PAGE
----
Consumer demand for sustainably sourced seafood has given rise to eco-label initiatives such as the Marine Stewardship Council and consumer advocacy groups such as Monterey Bay Aquarium’s Seafood Watch. The sustainability metrics of these groups include bycatch avoidance (with a particular emphasis on protected species) and stock abundance but have yet to include the climate impact of seafood production activities. The literature related to the sustainability of seafood generally reflects the emphasis of these eco-label initiatives with an abundance of studies related to stock assessment and eco-system effects of bycatch but comparatively few studies dedicated to the life-cycle assessment of seafood production activities. The dearth of seafood life-cycle assessments that have been conducted are narrowly focused on greenhouse gas emissions during fishing activities. Although greenhouse gas emissions of fishing activities is important, these studies have overlooked the climate implications of several policies (current and proposed) that may influence the sustainability of seafood. First, policy aimed at improving air quality by reducing the sulfur levels in marine fuels may impact the sustainability of seafood because fishing vessels are heavily reliant on diesel fuel and are known to be high emitters of short-lived climate forcing pollutants (including black carbon, sulfur oxides, and organic carbon). Furthermore, as seafood is a globally traded commodity that is typically shipped as freight on large container vessels, the importance of fuel quality in seafood life-cycle assessments may not be limited to the fishing phase of the seafood supply chain. Second, the consumer-driven policy of major retailers to only source seafood caught with highly selective fishing gears—in order to avoid the collateral damage of bycatch—may influence the sustainability of seafood because these gear types may require more fuel per fish caught compared with less selective gear types. Third, it has been argued that a proposed policy to ban fishing the high seas would allow the high seas to serve as an ecological bank. However, this proposal could impact the sustainability of seafood because fishermen may use less fuel by fishing in coastal areas. Furthermore, restricting fishing activities to coastal areas would mean that fishermen would be subject to more stringent fuel sulfur laws in regions where emission control laws have been enacted. Despite the potential benefits of these policies—improved air quality, reduced bycatch, and improved stock abundance—the climate impact of these sustainable fishing practices is largely unknown. This dissertation seeks to study the climate impact of these practices so as to broaden the discourse surrounding sustainable fishing practices.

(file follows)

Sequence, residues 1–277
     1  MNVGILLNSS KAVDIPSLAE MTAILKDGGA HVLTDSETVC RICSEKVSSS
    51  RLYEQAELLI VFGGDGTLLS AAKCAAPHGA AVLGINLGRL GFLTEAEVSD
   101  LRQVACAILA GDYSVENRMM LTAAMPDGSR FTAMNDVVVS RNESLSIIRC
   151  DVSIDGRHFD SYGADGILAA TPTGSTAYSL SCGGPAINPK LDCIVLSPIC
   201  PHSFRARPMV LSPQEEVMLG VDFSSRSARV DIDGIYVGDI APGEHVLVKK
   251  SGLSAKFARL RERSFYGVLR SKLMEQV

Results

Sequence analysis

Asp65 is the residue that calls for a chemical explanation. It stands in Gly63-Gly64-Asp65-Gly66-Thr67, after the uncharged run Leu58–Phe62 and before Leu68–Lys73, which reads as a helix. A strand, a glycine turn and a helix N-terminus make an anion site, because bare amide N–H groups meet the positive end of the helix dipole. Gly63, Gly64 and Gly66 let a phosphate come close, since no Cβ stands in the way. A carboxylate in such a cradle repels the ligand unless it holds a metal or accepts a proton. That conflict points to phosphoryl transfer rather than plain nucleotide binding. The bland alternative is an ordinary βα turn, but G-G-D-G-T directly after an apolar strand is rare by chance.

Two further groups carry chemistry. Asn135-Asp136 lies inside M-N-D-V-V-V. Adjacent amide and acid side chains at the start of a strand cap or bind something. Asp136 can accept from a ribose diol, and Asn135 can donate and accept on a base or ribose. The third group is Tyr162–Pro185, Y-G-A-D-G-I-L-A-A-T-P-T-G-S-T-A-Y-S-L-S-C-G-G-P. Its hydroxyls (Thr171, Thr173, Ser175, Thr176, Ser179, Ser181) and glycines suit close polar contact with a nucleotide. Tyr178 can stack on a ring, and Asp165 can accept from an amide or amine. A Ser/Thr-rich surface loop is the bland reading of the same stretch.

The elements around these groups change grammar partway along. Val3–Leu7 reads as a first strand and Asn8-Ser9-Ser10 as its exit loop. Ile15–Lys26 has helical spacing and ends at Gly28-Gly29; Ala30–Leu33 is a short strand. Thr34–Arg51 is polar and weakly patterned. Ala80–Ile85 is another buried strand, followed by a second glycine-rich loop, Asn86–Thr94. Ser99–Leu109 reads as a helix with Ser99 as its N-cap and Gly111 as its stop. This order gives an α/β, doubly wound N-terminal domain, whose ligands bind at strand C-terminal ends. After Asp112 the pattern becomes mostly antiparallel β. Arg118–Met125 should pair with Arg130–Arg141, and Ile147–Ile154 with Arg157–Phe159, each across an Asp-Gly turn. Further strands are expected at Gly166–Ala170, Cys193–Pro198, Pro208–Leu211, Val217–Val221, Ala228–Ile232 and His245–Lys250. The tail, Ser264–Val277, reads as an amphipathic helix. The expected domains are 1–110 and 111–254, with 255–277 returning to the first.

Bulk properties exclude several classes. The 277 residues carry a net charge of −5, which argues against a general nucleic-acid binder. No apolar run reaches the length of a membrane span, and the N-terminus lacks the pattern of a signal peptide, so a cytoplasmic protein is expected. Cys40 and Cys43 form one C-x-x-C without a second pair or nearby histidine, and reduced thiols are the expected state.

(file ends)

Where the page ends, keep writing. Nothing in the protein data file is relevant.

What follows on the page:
This work is divided in three research efforts. First, this research investigates the role of fishing vessels in the context of global shipping inventories. It develops a global inventory of fuel consumption and emissions of short-lived climate forcing pollutants of fishing vessels. A first-order global and Arctic estimate for the emissions and climate forcing of combined long-lived climate forcing (i.e. well mixed-greenhouse gases) and short-lived climate forcing emissions from fisheries using recently published plume-sampling data from an ensemble of ships is developed. Second, this research evaluates the climate impact of current and proposed policies (fuel quality policy to improve air quality, consumer-driven retailer policy to source seafood from highly selective fishing gears, and the proposed ban of fishing the high seas) in the context of U.S. tuna fisheries. A first-order climate forcing assessment of fishing activities of selected U.S. tuna fleets was conducted and the results were compared to land-based protein sources. Third, this research investigates the role of short-lived climate forcing pollutants upstream of the fishing phase of the seafood supply chain. A life-cycle assessment model was developed that includes fishing, processing, and the transport of two Alaskan pollock seafood products. Short-lived climate forcing pollutants were added to an existing model of battered-and-breaded white-fish fillets. Furthermore, a first-order assessment of a pollock surimi product, crab-flavored sticks (i.e. imitation crab), was compared to climate forcing associated with battered-and-breaded pollock fillets.